Deuteronomy 5:18

“You shall not commit adultery.”

We do not have to read very much literature or talk to very many people before we find someone speaking as if God gives us His law because He wants to make sure we don’t have any fun. It is truly sad that so many people have this idea of the Lord, for He is no killjoy. In fact, one of the purposes of the law is to provide boundaries that keep us from getting hurt when we transgress them. Used rightly, the law is actually a means to help us celebrate life (Ps. 84:11).

The seventh commandment provides an excellent example of this principle. To understand this, we must look back to the very first marriage in history, between Adam and Eve. Genesis 2:18–25 explains that God made man and woman for each other, that He created marriage so that we would not be alone. In the marriage relationship, husband and wife come together as one flesh in a mystical union that images the union of Christ and His church (Eph. 5:31–32). Marriage was created so that man and woman could be together and be naked and unashamed (Gen. 2:25). The sense of this verse includes not only physical nakedness but points also to vulnerability in a broader sense. God’s purpose for marriage is that we would have a relationship in which we can be vulnerable to another person without fear or shame.

God forbids adultery in order to safeguard this relationship. When sin entered the world, it affected everything, including marriage, and the lust that now arises in our fallen hearts can tempt us to break our marriage vows. If a husband or wife commits adultery, he or she destroys the environment in which his or her spouse could experience vulnerability safely and benefit from the most profound union two people can enjoy with one another. Adultery causes such harm to the injured party and God is so concerned with protecting the innocent that adultery is one of the few grounds that are given for divorce in Scripture (Matt. 19:9). The innocent party in a situation where adultery has been committed is not obligated to divorce the offending spouse, and many are able to rebuild their marriage after it is devastated by sexual sin. But the innocent party may divorce the guilty spouse without committing sin.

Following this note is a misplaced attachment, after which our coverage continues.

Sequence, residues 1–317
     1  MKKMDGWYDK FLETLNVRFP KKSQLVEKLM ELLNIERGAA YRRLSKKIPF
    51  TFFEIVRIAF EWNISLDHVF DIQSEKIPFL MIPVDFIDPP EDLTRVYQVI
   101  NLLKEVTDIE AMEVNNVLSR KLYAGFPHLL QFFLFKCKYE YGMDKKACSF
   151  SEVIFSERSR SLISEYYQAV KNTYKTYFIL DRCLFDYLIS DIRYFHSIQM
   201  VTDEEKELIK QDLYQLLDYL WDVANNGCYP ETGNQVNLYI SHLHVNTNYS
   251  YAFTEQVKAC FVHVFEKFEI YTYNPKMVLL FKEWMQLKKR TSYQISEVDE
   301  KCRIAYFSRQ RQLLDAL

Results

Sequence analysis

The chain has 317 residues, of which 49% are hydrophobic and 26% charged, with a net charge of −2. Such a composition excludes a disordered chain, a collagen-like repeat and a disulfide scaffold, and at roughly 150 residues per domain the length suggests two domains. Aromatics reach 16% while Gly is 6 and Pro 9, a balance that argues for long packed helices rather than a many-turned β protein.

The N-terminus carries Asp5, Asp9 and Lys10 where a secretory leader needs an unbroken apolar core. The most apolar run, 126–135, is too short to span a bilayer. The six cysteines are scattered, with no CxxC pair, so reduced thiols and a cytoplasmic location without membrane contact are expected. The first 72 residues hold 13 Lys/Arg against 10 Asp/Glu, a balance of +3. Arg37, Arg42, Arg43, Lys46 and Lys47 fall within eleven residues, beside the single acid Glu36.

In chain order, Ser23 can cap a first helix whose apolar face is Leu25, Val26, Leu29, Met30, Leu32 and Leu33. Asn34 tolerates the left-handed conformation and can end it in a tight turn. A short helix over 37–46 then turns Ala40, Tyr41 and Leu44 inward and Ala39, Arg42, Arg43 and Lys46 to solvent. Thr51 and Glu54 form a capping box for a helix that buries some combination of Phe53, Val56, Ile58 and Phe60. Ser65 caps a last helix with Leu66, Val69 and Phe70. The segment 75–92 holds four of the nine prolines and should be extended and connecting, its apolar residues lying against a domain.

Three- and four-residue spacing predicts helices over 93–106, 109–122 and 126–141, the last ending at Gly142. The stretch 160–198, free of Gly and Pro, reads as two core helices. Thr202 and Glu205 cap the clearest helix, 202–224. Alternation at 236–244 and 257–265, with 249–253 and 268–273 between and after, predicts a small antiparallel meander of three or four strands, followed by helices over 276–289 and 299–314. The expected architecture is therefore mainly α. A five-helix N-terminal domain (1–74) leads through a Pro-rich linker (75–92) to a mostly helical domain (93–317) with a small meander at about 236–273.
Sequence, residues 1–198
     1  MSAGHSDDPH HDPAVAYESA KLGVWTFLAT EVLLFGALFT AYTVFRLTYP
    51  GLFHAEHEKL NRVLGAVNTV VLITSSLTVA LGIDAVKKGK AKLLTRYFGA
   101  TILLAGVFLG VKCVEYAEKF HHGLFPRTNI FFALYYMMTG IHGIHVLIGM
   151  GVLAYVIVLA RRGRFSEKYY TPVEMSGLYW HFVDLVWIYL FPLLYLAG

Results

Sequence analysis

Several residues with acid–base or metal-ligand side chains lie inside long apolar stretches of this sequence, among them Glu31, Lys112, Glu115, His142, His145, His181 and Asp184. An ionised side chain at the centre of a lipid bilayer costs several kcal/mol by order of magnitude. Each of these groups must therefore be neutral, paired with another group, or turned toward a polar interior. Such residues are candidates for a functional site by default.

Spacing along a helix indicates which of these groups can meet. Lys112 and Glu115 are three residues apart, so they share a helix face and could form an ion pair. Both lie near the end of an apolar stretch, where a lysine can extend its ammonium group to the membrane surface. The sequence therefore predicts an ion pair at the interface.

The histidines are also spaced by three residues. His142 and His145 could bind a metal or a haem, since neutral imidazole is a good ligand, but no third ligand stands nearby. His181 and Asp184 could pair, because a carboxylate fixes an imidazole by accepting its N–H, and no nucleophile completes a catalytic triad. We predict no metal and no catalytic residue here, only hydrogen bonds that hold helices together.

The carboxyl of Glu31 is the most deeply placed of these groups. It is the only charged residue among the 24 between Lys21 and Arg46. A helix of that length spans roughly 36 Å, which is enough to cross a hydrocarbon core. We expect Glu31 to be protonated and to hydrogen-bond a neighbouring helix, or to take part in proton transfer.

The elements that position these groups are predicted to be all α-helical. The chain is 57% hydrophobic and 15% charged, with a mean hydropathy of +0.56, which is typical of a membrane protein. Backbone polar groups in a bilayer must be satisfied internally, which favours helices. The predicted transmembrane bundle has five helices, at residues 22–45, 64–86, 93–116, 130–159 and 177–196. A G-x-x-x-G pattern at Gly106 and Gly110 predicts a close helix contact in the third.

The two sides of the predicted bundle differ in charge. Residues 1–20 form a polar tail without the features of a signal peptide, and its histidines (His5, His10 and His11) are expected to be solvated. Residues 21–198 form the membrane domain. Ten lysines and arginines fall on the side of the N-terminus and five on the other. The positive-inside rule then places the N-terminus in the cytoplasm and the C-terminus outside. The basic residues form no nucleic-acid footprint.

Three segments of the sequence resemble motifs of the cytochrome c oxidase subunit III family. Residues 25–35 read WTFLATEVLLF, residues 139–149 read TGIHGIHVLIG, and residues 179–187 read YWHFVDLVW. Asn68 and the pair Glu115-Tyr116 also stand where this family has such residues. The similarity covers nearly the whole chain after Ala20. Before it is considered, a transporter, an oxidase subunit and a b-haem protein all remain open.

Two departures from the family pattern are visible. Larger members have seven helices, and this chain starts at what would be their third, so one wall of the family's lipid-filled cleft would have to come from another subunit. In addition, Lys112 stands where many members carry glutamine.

Adultery is such a grievous sin and is so destructive of relationships that God compares idolatry to adultery in Ezekiel 16:1–58. The commandment against adultery reminds us of the seriousness of this sin and sets boundaries to preserve our well-being.

Coram Deo

None of us who are married should think we are immune to the sin of adultery. Thus, we must guard our hearts carefully lest we find ourselves entering into inappropriate relationships with those who are not our spouses. God demands that we be faithful to our marriage partners, so let us not fool ourselves into thinking that a relationship with a person to whom we are not married is innocent when it is not.

For Further Study